In Nothingness Is Nothing

Nothing happens in a vacuum as they say. What happens in the education system is always a reflection of what is going on in that society—socially, economically and otherwise. What type of education do we want for our youth? What knowledge is of most worth in our society? Who should get it? These are some of the questions we need to ponder as a society. Passing blames to teachers and parents after the facts is not going to cure the ailment.

The last week’s form IV results did not just happen from nowhere. These results are a products of ill-conceived policies from Kigamboni that were years in the making. The passing on of blames like we always do will not cut this time around. Too much is at stake here. The country’s security is at stake. Here are the historical failure trends from 2009 to present: 2012 Form 4 results

DIV 1: 1,641 (0.4%)
DIV 2: 6,453 (1.6%)
DIV 3: 15,426 (3.9%)
DIV 4: 103,327 (26.0%)
DIV 0: 240,903 (60.1%)

2011 Form 4 results

DIV 1: 3,671 (1.09%)
DIV 2: 8,112 (2.41%)
DIV 3: 21,794 (6.84%)
DIV 4: 146,639 (43.60%)
DIV 0: 156,085 (46.41%)

2010 Form 4 results

DIV 1: 5,363 (1.53%)
DIV 2: 9,944 (2.83%)
DIV 3: 25,107 (7.14%)
DIV 4: 136,777 (38.9%)
DIV 0: 174,407 (49.60%)

2009 Form 4 results

DIV 1: 4,419 (1.78%)
DIV 2: 10,493 (4.21%)
DIV 3: 27,310 (11.2%)
DIV 4: 130,651 (52.61%)
DIV 0: 65,708 (26.46%)

 For starters, most teachers are ill prepared to teach the content they are teaching and parents are ill prepared to supplement the gap. So talking about parents’ involvement is just something I do not see value in right now. The pass rate numbers in Tanzania has been dwindling and going backwards for the past decade. No one was even looking at the trend and creating solutions to the impending disaster. You know the song: KINGA is better than CURE!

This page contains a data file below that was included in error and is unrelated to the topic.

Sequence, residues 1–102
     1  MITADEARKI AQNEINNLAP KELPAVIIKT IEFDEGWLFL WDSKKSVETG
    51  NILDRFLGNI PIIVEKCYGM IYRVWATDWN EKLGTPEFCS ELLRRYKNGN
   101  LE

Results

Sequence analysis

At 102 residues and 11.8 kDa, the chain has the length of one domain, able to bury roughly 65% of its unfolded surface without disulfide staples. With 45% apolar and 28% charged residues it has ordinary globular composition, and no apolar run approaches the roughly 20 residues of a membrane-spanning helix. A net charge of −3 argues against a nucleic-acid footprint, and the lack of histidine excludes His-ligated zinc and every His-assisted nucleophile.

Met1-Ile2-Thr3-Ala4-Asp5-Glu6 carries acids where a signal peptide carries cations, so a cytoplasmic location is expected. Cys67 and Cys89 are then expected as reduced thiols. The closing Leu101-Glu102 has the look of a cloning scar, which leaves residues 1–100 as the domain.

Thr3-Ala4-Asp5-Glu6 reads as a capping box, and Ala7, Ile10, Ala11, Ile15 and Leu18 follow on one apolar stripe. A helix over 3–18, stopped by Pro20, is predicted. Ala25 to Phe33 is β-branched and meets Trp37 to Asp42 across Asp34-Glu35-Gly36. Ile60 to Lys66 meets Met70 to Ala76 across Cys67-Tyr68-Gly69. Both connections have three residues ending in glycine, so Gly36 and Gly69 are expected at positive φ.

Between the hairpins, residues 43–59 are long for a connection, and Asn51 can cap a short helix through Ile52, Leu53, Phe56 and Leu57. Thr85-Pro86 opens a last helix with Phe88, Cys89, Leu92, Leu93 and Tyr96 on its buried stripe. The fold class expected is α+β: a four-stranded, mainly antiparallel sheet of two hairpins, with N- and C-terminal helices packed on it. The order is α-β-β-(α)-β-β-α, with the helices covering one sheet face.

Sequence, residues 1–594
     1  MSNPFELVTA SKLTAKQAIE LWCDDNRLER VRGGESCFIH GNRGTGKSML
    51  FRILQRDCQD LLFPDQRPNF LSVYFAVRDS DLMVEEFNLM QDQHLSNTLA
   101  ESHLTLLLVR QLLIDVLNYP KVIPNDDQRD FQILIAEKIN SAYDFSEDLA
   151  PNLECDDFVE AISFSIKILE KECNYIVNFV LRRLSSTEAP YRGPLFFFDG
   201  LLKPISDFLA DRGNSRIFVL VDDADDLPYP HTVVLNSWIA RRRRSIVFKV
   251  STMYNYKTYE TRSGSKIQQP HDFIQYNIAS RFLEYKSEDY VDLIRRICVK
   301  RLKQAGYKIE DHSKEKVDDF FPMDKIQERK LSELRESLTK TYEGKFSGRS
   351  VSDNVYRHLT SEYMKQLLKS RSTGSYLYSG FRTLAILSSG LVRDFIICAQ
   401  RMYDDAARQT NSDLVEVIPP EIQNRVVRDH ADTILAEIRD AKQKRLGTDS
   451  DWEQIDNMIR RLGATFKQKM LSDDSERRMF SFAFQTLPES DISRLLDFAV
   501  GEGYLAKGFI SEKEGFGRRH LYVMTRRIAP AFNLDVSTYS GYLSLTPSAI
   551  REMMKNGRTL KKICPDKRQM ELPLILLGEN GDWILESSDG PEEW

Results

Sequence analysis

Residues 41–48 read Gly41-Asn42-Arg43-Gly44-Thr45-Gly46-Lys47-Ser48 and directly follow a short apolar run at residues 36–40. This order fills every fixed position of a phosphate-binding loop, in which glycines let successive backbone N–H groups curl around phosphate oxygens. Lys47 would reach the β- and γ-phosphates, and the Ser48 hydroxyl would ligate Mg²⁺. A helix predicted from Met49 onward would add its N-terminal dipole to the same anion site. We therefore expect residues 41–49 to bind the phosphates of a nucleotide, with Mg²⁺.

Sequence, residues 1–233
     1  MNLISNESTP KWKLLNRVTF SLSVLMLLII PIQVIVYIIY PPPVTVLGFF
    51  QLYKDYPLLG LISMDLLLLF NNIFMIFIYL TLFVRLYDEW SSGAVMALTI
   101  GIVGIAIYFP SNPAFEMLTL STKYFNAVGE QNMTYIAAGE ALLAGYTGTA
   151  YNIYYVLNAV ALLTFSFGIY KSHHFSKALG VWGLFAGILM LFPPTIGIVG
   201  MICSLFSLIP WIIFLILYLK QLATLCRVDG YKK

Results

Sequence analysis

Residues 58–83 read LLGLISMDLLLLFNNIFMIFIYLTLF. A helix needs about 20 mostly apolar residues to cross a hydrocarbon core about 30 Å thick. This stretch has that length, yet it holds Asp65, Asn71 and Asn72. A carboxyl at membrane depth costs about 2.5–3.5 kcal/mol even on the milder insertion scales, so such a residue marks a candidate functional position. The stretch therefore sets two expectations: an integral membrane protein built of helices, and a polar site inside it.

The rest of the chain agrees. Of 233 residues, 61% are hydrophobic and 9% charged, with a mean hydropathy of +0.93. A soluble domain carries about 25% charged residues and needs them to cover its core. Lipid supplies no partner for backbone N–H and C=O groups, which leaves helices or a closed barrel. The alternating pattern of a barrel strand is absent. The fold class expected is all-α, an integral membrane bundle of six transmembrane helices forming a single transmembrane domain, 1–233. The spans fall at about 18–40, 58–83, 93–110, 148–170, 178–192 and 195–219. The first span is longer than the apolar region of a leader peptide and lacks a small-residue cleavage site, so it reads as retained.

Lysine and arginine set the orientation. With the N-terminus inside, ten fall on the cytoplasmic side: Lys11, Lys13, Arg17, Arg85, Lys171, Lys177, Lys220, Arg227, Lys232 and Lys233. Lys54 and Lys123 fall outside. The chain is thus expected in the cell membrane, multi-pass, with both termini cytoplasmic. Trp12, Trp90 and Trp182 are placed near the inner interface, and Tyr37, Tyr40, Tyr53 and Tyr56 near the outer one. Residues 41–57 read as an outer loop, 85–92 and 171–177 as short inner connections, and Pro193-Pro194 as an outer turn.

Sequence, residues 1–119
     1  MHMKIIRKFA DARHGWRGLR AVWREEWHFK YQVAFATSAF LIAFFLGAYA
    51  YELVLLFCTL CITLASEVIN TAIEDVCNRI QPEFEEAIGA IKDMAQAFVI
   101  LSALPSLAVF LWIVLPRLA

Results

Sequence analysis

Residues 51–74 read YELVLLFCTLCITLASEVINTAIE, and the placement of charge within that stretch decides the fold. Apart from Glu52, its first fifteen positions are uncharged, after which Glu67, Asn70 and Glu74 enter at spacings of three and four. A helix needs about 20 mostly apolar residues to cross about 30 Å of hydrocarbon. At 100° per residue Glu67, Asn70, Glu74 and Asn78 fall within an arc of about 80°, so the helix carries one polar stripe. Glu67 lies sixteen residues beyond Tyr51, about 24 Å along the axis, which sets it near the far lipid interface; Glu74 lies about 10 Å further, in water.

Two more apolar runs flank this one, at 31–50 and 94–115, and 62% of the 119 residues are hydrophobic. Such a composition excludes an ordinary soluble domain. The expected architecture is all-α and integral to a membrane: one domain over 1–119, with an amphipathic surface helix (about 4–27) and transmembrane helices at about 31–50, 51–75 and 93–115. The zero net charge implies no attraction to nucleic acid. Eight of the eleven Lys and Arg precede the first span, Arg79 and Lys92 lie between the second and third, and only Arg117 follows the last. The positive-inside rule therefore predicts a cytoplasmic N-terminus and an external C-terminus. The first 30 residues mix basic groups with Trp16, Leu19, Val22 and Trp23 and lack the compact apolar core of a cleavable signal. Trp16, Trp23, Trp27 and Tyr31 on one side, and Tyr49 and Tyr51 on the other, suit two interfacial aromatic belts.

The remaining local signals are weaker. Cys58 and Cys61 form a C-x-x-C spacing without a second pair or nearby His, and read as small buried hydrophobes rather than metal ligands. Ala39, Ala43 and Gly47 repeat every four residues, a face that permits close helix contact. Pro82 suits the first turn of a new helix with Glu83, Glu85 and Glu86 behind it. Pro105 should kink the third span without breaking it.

Here is a personal example: I myself went to school all the way to UDSM in Tanzania. Never one time had my parents looked at my notebooks (the parents’ involvement piece). My parents are illiterate, not by choice, but victims of their times (Many of the students in Tanzania from rural areas and even the cities fall under this category). But, I was able to go to school and do well because the education system was a flat system back then. If the system is working as it is intended to, parents involvement is not such a significant factor.

The other issue back then was Equal resources in most schools which is not the case today. Some of the ward schools don’t even qualify to be called schools. Some have one teacher for 300 students. What kind of a miracle worker do you think these individuals are? What is the likely outcome?

One thought on “In Nothingness Is Nothing

  1. jose h.

    i think that if the u.s keeps goin like this eveyrybody wont have a chance to go to school, more chilrdren might get home school and thats a challenge even for a high school student these days. more opportunities are being wasted.


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